Sky Atlantic has gone for broke with its new four-part crime drama Falcón, based on Robert Wilson’s popular series of novels. The Seville-set series features a strong cast including Marton Csokas as the titular Javier Falcón, Charlie Creed-Miles (brilliant in the Gary Oldman-directed Nil By Mouth) and Emilia Fox. The cinematography is suitably cinematic and the show’s budget is evidently higher than contemporary British detective dramas – and likes to brag about it.
Falcón‘s accented ‘o’ signifies it is serious and exotically Spanish; a step up from your standard murder-at-the-vicarage fayre. Without it, the show would be called Falcon, which sounds like a companion piece to Swallow, Alan Partridge’s unsuccessful rural detective series pitch to BBC commissioner Tony Hayers.
Last week’s first episode paved the groundwork: Javier Falcón is brooding and simmers with sexual energy, but is plagued by mental strife. Other than that he’s quite highly regarded as a detective. Falcón is essentially a hypersexualised, angsty John Nettles. This week continued along the same path as the sizzling Spaniard seduced one of his suspects, turned up at grisly murder scenes to explain the plot and went after a villain in a darkened villa with a handgun.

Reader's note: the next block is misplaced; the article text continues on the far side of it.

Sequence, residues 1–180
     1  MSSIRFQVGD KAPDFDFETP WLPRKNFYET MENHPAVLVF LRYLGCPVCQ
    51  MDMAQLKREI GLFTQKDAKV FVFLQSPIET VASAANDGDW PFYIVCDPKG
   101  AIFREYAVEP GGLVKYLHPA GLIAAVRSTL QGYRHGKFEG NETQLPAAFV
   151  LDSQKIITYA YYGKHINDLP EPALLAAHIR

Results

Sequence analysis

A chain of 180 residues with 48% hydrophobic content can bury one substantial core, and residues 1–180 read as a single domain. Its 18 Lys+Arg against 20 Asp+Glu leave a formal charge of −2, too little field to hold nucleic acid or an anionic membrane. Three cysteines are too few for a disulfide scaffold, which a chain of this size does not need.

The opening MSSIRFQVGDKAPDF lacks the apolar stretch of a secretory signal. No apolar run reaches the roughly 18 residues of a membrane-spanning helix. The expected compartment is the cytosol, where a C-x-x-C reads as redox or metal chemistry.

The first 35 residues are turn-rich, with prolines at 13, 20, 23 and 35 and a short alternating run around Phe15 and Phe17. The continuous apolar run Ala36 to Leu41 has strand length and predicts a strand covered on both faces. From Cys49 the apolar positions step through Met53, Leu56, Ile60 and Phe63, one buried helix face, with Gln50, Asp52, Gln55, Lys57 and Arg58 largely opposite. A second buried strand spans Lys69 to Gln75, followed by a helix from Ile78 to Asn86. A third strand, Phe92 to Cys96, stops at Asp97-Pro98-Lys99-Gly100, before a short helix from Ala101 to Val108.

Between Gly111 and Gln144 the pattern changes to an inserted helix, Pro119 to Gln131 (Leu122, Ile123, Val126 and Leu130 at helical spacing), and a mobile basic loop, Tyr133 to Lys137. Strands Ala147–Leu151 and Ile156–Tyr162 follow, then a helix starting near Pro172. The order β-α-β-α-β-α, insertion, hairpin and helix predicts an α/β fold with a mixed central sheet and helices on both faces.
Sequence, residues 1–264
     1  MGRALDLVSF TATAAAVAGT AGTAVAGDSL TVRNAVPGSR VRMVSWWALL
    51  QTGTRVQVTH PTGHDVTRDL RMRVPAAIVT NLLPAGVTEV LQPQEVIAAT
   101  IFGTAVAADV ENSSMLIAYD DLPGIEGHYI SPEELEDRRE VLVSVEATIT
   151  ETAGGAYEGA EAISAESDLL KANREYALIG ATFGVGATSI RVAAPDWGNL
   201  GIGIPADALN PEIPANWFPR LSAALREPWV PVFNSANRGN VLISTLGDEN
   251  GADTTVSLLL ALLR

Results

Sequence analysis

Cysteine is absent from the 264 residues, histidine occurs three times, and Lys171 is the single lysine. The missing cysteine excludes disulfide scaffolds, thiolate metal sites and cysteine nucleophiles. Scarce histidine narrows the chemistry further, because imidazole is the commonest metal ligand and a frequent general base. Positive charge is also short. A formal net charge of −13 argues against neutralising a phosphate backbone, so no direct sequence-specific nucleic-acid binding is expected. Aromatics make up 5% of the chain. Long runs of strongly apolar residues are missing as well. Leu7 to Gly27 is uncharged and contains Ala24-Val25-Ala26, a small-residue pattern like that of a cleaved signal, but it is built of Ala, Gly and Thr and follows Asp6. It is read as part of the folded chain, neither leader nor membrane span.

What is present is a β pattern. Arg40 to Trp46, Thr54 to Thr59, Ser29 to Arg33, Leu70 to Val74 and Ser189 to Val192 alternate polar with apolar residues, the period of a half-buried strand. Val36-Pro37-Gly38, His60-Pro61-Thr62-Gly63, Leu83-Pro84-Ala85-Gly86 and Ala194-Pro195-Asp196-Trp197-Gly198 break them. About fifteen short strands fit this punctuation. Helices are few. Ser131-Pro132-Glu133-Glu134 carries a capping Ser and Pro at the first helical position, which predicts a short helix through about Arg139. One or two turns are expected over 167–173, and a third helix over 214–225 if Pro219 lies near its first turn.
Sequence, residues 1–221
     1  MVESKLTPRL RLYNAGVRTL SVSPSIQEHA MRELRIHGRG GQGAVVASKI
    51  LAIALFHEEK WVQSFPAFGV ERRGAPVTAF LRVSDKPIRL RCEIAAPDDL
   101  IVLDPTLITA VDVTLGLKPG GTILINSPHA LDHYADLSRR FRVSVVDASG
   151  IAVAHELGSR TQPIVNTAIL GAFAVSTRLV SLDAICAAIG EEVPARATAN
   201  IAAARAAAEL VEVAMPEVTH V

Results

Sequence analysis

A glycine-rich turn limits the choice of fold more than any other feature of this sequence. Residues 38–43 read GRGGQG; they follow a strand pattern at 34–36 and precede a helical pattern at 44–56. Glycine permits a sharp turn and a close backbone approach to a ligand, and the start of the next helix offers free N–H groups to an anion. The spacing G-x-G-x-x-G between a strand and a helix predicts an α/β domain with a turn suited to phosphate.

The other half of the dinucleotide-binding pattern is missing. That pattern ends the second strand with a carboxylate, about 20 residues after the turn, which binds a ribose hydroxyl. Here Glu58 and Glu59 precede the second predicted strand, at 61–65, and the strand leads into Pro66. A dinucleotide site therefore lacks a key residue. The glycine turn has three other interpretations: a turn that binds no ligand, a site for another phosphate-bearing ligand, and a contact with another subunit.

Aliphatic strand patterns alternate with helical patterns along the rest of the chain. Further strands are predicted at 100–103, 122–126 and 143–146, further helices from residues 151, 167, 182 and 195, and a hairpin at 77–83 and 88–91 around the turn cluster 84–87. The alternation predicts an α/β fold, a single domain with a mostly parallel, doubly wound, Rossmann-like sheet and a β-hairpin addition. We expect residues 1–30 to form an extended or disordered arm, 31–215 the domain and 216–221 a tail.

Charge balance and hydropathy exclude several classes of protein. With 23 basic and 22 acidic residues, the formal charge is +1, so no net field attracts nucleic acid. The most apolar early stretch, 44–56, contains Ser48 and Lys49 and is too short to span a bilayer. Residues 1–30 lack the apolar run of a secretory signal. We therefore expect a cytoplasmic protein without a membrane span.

The moral ambiguity of the protagonist sets the show aside from run-of-the-mill ITV1 dramas. Though that’s about the only thing it has going for it. All the familiar tropes are here: Falcón’s wife left him because he’s married to the job, he’s cracking up on the inside.
The show does take itself too seriously at times, though the eye-gouging violence is a neat idea, tapping in to the post-Se7en ideas of artsy-bludgeon porn.
Falcón is engaging enough, benefiting from sumptuous camerawork and editing, though it does leave you feeling a like you’ve seen it all before in a million other detective dramas.